In 9/11 speech, al-Qaeda chief calls for attacks on Israel, West
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In 9/11 speech, al-Qaeda chief calls for attacks on Israel, West

Ayman al-Zawahiri says Palestinians should launch suicide bombings against Israelis for Trump’s recognition of the Golan Heights as Israeli territory

Illustrative: Al-Qaeda leader Ayman Al-Zawahiri in a still image from a web posting by the terrorist organization's media arm, as-Sahab, July 27, 2011. (AP)
Illustrative: Al-Qaeda leader Ayman Al-Zawahiri in a still image from a web posting by the terrorist organization's media arm, as-Sahab, July 27, 2011. (AP)

CAIRO — Al-Qaeda leader Ayman al-Zawahri called Wednesday on Muslims to attack US, European, Israeli and Russian targets in a speech on the 18th anniversary of the 9/11 terror attacks.

SITE Intelligence Group, which tracks online activity of jihadist groups, reported that in a video released by the militant group, the 68-year-old al-Zawahri also criticizes “backtrackers” from jihad, referring to former jihadis who changed their views in prison and called the 9/11 attacks unacceptable because innocent civilians were harmed.

“If you want Jihad to be focused solely on military targets, the American military has presence all over the world, from the East to the West,” he said. “Your countries are littered with American bases, with all the infidels therein and the corruption they spread.”

The coordinated al-Qaeda hijackings on September 11, 2001 killed nearly 3,000 people, when airliners slammed into the World Trade Center and the Pentagon and another crashed in rural Pennsylvania.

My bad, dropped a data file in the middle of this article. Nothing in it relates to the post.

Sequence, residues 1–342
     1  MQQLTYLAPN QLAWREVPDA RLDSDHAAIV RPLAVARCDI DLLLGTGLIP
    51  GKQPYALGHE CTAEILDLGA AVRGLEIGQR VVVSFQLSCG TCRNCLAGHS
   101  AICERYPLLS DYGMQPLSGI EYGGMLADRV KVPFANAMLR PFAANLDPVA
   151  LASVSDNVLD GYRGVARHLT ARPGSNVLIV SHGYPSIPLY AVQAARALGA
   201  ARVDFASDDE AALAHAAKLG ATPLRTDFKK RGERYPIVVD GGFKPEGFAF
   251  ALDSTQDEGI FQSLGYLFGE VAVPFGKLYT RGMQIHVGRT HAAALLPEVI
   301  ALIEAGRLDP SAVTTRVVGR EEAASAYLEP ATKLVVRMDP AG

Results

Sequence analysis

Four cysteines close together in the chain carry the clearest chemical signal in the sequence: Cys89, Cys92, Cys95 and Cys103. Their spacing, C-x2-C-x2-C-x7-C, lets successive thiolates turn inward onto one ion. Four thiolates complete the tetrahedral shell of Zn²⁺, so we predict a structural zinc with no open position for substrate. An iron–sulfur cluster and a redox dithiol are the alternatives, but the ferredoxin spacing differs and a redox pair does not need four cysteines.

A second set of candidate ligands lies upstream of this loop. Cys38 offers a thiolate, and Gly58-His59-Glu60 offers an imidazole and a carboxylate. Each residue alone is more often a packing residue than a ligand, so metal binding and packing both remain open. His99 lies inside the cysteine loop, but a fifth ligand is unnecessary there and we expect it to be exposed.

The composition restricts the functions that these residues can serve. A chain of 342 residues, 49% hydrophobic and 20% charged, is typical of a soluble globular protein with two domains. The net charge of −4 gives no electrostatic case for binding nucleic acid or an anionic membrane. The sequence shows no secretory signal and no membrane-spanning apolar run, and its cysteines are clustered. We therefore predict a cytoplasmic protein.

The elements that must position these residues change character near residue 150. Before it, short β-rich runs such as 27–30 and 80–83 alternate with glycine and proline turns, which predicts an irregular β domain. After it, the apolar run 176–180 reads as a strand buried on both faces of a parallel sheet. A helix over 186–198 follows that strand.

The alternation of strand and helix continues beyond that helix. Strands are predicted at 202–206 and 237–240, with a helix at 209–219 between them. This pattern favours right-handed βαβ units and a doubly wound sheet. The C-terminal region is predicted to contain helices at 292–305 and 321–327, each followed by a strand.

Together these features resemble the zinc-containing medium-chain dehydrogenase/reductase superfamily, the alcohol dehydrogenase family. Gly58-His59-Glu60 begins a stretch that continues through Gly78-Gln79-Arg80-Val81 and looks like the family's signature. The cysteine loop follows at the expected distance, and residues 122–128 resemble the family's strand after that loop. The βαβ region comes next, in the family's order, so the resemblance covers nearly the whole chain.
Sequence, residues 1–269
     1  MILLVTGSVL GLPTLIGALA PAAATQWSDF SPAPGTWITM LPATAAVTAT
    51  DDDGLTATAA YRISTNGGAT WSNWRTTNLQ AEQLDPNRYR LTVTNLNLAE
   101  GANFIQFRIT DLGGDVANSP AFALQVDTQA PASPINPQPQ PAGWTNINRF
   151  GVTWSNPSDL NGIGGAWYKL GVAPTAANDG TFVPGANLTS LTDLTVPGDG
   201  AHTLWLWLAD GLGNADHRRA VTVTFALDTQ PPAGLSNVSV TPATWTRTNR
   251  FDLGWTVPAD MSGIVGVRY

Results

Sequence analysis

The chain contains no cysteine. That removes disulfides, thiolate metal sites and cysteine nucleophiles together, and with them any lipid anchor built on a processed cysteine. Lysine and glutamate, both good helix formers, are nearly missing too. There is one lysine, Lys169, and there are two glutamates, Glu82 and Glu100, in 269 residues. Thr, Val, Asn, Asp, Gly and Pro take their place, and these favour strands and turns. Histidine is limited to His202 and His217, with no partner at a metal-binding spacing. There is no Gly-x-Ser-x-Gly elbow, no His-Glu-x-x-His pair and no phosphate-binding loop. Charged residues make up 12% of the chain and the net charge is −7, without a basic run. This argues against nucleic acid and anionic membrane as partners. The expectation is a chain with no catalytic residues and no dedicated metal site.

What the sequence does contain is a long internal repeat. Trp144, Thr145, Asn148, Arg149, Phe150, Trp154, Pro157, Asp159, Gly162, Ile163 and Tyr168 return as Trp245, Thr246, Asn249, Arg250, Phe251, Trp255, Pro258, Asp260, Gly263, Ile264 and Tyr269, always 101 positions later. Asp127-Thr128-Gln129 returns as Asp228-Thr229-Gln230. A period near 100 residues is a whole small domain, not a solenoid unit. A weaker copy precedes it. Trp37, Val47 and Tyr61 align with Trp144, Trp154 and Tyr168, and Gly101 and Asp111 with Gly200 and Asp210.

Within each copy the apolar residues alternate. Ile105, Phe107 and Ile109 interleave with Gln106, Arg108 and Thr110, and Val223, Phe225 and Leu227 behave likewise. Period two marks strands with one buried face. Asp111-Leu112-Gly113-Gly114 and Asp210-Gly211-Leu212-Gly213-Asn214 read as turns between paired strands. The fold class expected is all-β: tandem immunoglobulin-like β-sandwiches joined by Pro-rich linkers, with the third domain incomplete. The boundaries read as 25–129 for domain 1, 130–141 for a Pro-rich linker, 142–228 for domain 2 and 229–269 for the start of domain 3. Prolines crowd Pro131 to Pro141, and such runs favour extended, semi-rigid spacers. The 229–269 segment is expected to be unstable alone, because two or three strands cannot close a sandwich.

Al-Zawahri’s speech was recorded in a 33-minute, 28-second video produced by the group’s as-Sahab Media Foundation.

As an indicator of when the speech may have been recorded, al-Zawahri references US President Donald Trump’s recognition of the Golan Heights as Israeli territory, which was announced on March 25. He calls on Palestinians to seek “martyrdom” by attacking Israelis with a suicide vest in response.

US President Donald Trump smiles at Israeli Prime Minister Benjamin Netanyahu, right, after signing a proclamation formally recognizing Israel’s sovereignty over the Golan Heights, in the Diplomatic Reception Room at the White House, in Washington, DC, on March 25, 2019. (AP/Susan Walsh)

Al-Zawahri, an Egyptian, became leader of al-Qaeda following the 2011 killing of Osama bin Laden in Abbottabad, Pakistan by US Navy SEALs. He is believed to be hiding somewhere in the Afghanistan-Pakistan border regions. A July report by the UN cited reports that he is “in poor health” but provided no details.

Over recent years, al-Qaeda has been engaged in fending off competition in jihadi circles from its rival, the Islamic State group. IS exploded into prominence by seizing large swaths of Iraq and Syria in 2014, declaring a “caliphate” and extending affiliates in multiple countries across the region.

IS’s physical “caliphate” was crushed in Iraq and Syria, though its militants are still active and carrying out attacks.

In this file photo made available on March 19, 2004, Ayman al-Zawahri, left, holds a press conference with Osama bin Laden in Khost, Afghanistan. (AP Photo/Mazhar Ali Khan, File)

The UN report said the “immediate global threat posed by al-Qaeda remains unclear” but warned that some would-be IS recruits could turn to older organization.

Al-Qaeda militants, meanwhile, have taken a lower profile, using regional conflicts in Afghanistan, Syria and Yemen to entrench themselves. The Yemen branch has been the most active, exploiting the chaos of the civil war to carry out bombings, shootings and assassinations in an effort to expand its footprint.

Osama bin Laden’s son Hamza bin Laden had been viewed as an eventual heir to the leadership of al-Qaeda but was killed in a military operation, US officials have said. Al-Zawahri lauded Hamza in a 2015 video that appeared on jihadi websites, calling him a “lion from the den of al-Qaeda.”

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